My kibbitz for leaders is, instead of trying constantly to “lead” your social neighbors and seeing the social relationship only as consisting of one’s own self in strong and weak points — failures and successes in “leading” — leaders might try focusing on what they have to do. Not what they wish would be.

    I get it. I think you put it more or less anecdotally well — but I would have responded that we already do have our framers to remember, first of all, and second of all that “framing” also means to predispose a relationship. How would you account for that in your success? It might make you a strong leader to just get it all out.

  • So, you told us how NOT to do it. I agree. Don’t say what’s bad and wrong. Don’t shudda/wudda/cudda on folks. No one likes to be “should” on. Duh!

    When you advise us to be careful, here’s a way to give the feedback that may not feel critical to the person.

    A potential script for some future incident: Jen, I continue to be amazed and proud of the way you can make so much sense when there’s stress from a microphone shoved in your face and the additional tension of knowing that thousands of area drivers are listening to you, like this morning. From my leisurely perspective here at home, reflecting on it, I was thinking how what you said might “hit” some listeners. May I share it with you?”

    Assuming she does care and would listen, you’ve obtained her permission to share how she might tweak it in the future to include this aspect.

    In this way, you’re not implying that she was bad or wrong or incompetent about something in the past. You’re not implying that you know better than she. You’re sharing your perspective, and the source of that perspective: no pressure, no tension, no microphone in your face, time to think about it all. Different from her perspective. When you share like this, she’s not as likely to feel frustrated or possibly, even worse, feeling attacked by the guy who has continued to give her major emotional support through all the stress of these last nine months, and all the years before that as she spends herself for the people of Michigan.

    This approach can work in other settings, too… or so I believe. Just sharing my perspective and ironically, I realize that it’s more do as I say, not as I do unless you count the fact that you do ask for feedback since you set up this mechanism.

    Major hanks for all that you and she are doing for the people of this state.

    • Well said. You described a feedback process that I was taught and continue to develop – giving appropriate feedback is an art form.

      Here are the guidelines. There are 2 parties involved in feedback: the “receiver” and the “giver”.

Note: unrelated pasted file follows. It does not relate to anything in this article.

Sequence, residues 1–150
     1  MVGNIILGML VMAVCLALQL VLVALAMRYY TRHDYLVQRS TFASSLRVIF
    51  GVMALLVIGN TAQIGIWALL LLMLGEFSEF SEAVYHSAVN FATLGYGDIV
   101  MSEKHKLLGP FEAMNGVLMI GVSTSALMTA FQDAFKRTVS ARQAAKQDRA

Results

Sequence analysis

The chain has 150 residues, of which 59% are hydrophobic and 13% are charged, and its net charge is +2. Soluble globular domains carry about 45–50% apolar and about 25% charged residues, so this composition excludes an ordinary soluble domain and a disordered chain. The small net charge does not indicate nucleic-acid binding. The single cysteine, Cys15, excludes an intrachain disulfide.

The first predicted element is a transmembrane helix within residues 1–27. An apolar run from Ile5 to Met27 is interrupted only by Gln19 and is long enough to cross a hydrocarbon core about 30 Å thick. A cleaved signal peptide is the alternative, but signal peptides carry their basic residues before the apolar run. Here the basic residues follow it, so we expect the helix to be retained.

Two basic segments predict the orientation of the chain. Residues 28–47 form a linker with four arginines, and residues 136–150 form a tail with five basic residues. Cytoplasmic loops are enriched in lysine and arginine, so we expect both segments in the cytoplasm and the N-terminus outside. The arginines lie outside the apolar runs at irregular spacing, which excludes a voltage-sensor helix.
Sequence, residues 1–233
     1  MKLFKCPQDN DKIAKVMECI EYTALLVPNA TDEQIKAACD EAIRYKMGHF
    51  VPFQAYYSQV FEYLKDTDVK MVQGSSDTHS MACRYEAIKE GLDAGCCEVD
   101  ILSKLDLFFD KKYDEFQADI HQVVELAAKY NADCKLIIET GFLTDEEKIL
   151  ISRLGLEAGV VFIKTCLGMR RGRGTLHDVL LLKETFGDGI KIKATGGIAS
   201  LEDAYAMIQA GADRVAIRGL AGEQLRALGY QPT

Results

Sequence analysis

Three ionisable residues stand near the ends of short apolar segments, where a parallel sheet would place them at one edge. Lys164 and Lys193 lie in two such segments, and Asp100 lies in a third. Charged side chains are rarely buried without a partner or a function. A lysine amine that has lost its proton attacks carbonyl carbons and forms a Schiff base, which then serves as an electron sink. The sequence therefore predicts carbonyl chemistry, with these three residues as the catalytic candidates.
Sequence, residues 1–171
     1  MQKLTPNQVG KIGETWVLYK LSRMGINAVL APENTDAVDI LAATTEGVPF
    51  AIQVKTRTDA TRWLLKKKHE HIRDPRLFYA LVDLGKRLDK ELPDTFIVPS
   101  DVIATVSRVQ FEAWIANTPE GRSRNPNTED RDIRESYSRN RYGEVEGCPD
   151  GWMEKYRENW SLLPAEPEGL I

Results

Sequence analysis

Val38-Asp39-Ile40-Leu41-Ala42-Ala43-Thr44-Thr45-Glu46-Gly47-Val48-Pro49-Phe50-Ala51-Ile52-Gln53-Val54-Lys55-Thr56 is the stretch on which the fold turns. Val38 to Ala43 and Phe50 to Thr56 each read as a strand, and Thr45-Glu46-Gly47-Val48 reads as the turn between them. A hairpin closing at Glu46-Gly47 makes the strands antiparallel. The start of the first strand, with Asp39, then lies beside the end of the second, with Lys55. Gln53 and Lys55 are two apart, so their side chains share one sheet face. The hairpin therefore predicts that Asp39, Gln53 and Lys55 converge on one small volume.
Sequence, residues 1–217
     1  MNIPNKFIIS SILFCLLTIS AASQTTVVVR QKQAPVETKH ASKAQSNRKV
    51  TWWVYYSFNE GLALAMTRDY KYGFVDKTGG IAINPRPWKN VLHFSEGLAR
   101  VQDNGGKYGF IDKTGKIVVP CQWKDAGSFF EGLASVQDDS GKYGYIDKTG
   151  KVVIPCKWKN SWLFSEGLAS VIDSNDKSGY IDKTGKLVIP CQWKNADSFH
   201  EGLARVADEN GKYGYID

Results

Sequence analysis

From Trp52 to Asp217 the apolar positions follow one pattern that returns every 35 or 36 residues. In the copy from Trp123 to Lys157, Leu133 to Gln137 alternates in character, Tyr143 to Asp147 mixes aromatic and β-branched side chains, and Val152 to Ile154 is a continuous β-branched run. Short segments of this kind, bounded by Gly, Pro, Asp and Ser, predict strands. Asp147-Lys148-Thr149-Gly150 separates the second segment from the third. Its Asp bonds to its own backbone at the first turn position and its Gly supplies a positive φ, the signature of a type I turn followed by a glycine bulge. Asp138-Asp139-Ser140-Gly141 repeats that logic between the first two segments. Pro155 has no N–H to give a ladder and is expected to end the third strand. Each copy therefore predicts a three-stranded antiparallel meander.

These are guidelines for “giver”:
      1. Ask permission first. The receiver has the right to say “no”, or “not right now”, or “never;. If they say yes, then continue. Ex: “I was listening to you, and had some reactions. Would you be open to hearing some feedback?”

      2. Describe a “well-done”. Say something positive and true and that you have observed now or in similar past situations. Ex: “You held the attention of everyone in the room during your empassioned speech.”

      3. Describe an “opportunity for improvement” ACCORDING TO YOUR OPINION. You may think it is “right” or the best advice or the only way. It is still your opinion and not a fact. Label it as such. “When I observed ___, I felt ___” or “When I heard ___, I thought ___.” You are not giving advice – you are giving feedback.

      4. Listen to the receiver’s response. Really hear what the person has to say.

      These are guidelines for “receiver”:

      1. Say “thank you for your feedback”. Accept that the “giver” has provided you with his/her opinion.

      That’s it!
      Now the challenge for the “giver” is to be able to leave the feedback with the receiver, and not go into “convincing” mode or “expert” mode. Good luck with that!

  • It seems you’ve let the cat out of the bag. You’ve admitted that you are saying things a certain way to get a certain reaction. My Mom always told me to tell the truth and you won’t have to “work” so hard to come off looking good.

    It is interesting. Does anyone else besides me notice that there is such a vacuum of leadership in the governor’s family, that her spouse is the one presuming to teach us about it?

  • Thanks for another great piece. I emailed it to my wife as soon as I just read it. Over our years together we have both been in a variety of leadership and organizational situations. From the beginning of our relationship we have always been good ‘sounding boards’ for eachother, as well as mutual ‘coaches’. Before a meeting, interview, what-have-you, we frequently ‘role-play’ with eachother to become focused and to ‘rehearse’ the upcoming dialogue. If nothing else, we enter the situation feeling somewhat mentally prepared.
    And, when it’s over, if we had a chance to be present, we each try to remember to ‘ask’ if feedback would be welcomed.

    Is it always perfect? Heck no!! BUT….it’s gone a long way to help us both be better at what we do.

    Thanks for doing the same, Dan!!